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Arch Gen Psychiatry. 2006 Nov;63(11):1209-16.

Elevated monoamine oxidase a levels in the brain: an explanation for the monoamine imbalance of major depression.

Author information

  • 1Vivian M. Rakoff PET Imaging Centre and Mood and Anxiety Disorders Division, Clarke Division, Centre for Addiction and Mental Health and Department of Psychiatry, University of Toronto, Toronto, Ontario, Canada. jeff.meyer@camhpet.ca

Abstract

CONTEXT:

The monoamine theory of depression proposes that monoamine levels are lowered, but there is no explanation for how monoamine loss occurs. Monoamine oxidase A (MAO-A) is an enzyme that metabolizes monoamines, such as serotonin, norepinephrine, and dopamine.

OBJECTIVE:

To determine whether MAO-A levels in the brain are elevated during untreated depression.

SETTING:

Tertiary care psychiatric hospital.

PATIENTS:

Seventeen healthy and 17 depressed individuals with major depressive disorder that met entry criteria were recruited from the care of general practitioners and psychiatrists. All study participants were otherwise healthy and nonsmoking. Depressed individuals had been medication free for at least 5 months.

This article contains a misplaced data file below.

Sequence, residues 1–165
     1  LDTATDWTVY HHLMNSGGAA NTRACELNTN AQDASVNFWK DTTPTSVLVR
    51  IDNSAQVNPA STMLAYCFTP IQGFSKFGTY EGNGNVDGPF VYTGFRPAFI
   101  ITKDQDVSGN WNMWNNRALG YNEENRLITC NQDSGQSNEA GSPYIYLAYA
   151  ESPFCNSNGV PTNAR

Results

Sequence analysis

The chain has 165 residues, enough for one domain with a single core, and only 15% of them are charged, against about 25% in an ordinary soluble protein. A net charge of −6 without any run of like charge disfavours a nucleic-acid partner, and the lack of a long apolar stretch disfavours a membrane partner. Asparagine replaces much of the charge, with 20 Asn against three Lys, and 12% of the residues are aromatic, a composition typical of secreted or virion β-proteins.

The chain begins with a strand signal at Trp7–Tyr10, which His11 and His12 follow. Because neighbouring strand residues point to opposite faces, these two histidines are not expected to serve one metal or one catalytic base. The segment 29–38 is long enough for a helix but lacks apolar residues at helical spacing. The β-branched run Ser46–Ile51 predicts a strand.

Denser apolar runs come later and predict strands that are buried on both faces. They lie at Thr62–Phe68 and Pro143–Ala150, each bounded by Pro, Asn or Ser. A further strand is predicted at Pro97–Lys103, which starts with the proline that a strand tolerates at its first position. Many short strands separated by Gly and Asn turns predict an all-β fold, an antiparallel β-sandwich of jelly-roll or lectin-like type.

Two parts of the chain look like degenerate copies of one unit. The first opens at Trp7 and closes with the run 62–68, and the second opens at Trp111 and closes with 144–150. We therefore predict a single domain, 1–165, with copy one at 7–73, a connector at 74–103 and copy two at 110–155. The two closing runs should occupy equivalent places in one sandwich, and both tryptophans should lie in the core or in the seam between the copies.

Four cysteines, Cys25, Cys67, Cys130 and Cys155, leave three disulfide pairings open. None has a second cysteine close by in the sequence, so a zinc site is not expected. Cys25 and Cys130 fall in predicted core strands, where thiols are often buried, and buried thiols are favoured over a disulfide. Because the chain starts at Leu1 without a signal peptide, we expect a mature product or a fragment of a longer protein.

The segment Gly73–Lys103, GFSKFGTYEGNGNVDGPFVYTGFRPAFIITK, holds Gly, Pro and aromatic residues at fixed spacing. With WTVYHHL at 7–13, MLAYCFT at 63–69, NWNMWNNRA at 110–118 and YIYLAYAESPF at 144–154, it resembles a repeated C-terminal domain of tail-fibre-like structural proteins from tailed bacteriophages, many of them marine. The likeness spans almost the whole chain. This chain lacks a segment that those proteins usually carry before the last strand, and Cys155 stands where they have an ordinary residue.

MAIN OUTCOME MEASURE:

Harmine labeled with carbon 11, a radioligand selective for MAO-A and positron emission tomography, was used to measure MAO-A DVS (specific distribution volume), an index of MAO-A density, in different brain regions (prefrontal cortex, anterior cingulate cortex, posterior cingulate cortex, caudate, putamen, thalamus, anterior temporal cortex, midbrain, hippocampus, and parahippocampus).

RESULTS:

The MAO-A DVS was highly significantly elevated in every brain region assessed (t test; P=.001 to 3x10(-7)). The MAO-A DVS was elevated on average by 34% (2 SDs) throughout the brain during major depression.

CONCLUSIONS:

The sizable magnitude of this finding and the absence of other compelling explanations for monoamine loss during major depressive episodes led to the conclusion that elevated MAO-A density is the primary monoamine-lowering process during major depression.

PMID:
17088501
[PubMed - indexed for MEDLINE]
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